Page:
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Les mémoires de la Seconde Guerre Mondiale en France : théorie, littérature, cinéma


Admission requirements

Bachelor French Language and Literature or bachelor in another modern language.
Students from other tracks of Literary Studies or Media Studies are welcome provided they have a good reading and listening proficiency in French. In that case, the oral presentation and paper will be in English or Dutch. Please contact the teacher before signing in.


This (French taught) course is about the multi faceted French memory of Worldwar II and its representations in literature and cinema. As a theoretical basis, we will study different kinds of memory: multidirectional memory, memory and trauma, second generation memory or ‘postmemory’. Starting with some works by eyewitnesses – Claude Simon, Hélène Nemirowsky’s posthumously published Suite française - , we will see how soldiers, civilians, resistants, collaborators and Jews did not share the same experience of the German invasion and the ‘drôle de guerre’. With her famous film Hiroshima mon amour, Marguerite Duras was one of the first to dare speak about French Collaboration. The film was the start of a less idealized picture of the French role during Worldwar II. From the 1970s on, Vichy and Collaboration were no longer taboo subjects. The latter half of this course will focus on a specific memory, that of nazi concentration camps. Here too, there is not one single memory, but many different ones. We will first study the narratives of two Communist Resistants, Robert Antelme and Charlotte Delbo. And then see how this first generation memory compares with that of Henri Raczymow, the postwar descendant of Jewish survivors , for whom memory becomes a borrowed memory or ‘postmemory’. A key question all along this course is how memory through literary fiction and film differs from other forms of memory.

Course objectives

  • thorough knowledge and insight into the studied literary texts and films

  • knowledge of the historical and cultural context of the works studied

  • knowledge and insight into theories of cultural memory

  • the ability to do independent research in this field and to use theory and secondary literature

  • Ability to analyze a relevant subject of one’s choice and to present one’s findings in an oral presentation and written assignments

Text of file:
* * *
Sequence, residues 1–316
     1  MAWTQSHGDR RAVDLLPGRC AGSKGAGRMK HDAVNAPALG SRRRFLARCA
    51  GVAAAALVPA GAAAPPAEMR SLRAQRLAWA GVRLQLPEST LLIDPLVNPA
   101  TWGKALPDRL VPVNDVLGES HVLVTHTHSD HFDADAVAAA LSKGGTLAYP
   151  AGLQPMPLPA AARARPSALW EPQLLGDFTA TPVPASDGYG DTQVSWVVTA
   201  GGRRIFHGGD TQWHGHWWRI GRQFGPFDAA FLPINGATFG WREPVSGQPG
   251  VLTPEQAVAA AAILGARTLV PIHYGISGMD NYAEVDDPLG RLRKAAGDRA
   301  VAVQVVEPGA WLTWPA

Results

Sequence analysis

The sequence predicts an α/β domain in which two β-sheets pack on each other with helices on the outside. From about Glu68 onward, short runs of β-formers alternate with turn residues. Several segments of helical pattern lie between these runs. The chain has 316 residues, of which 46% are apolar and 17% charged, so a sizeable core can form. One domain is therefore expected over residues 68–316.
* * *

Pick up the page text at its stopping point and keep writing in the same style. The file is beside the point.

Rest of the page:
• Ability to share analytical and theoretical arguments during class discussion.



Mode of instruction


Course Load

10 EC = 280 hours:

  • weekly two-hour seminar (2×13 hours): 26 hours

  • weekly reading assignments (8×13 hours) and oral presentation: 104 hours

  • mid-term assignment and preparation: 50 hours

  • final paper: 100 hours.

Assessment method

midterm assignment (approx. 2000 words): 30% of final mark oral presentation: 20 % final paper (approx. 5000 words): 50%

The average of the three components should be sufficient.
Resit: only for the final paper.


Blackboard will be used for: practical information, assessment purposes, the providing of documents and discussion between students .

Reading list

  • Robert Antelme, L’espèce humaine (Gallimard Tel)

  • Charlotte Delbo, Aucun de nous ne reviendra (Minuit)

  • Marguerite Duras, Hiroshima mon amour (Gallimard Folio)

  • Irène Nemirowsky, Suite française (Gallimard Folio Plus)

  • Henri Raczymow, Un cri sans voix (Gallimard)

  • Claude Simon, L’acacia (Minuit)

  • Atiq Rahimi, Synghé sabour (Gallimard Folio).

Claude Simon, L’acacia will have to be read before the start of the course.


Enrolment through uSis is mandatory. If you have any questions, please contact the Literary Studies departmental office
Exchange and Study Abroad students, please see the Study in Leiden website for information on how to apply.


Dr. A.E. Schulte Nordholt Literary Studies departmental office
Coordinator of studies: Mr. J. Donkers MA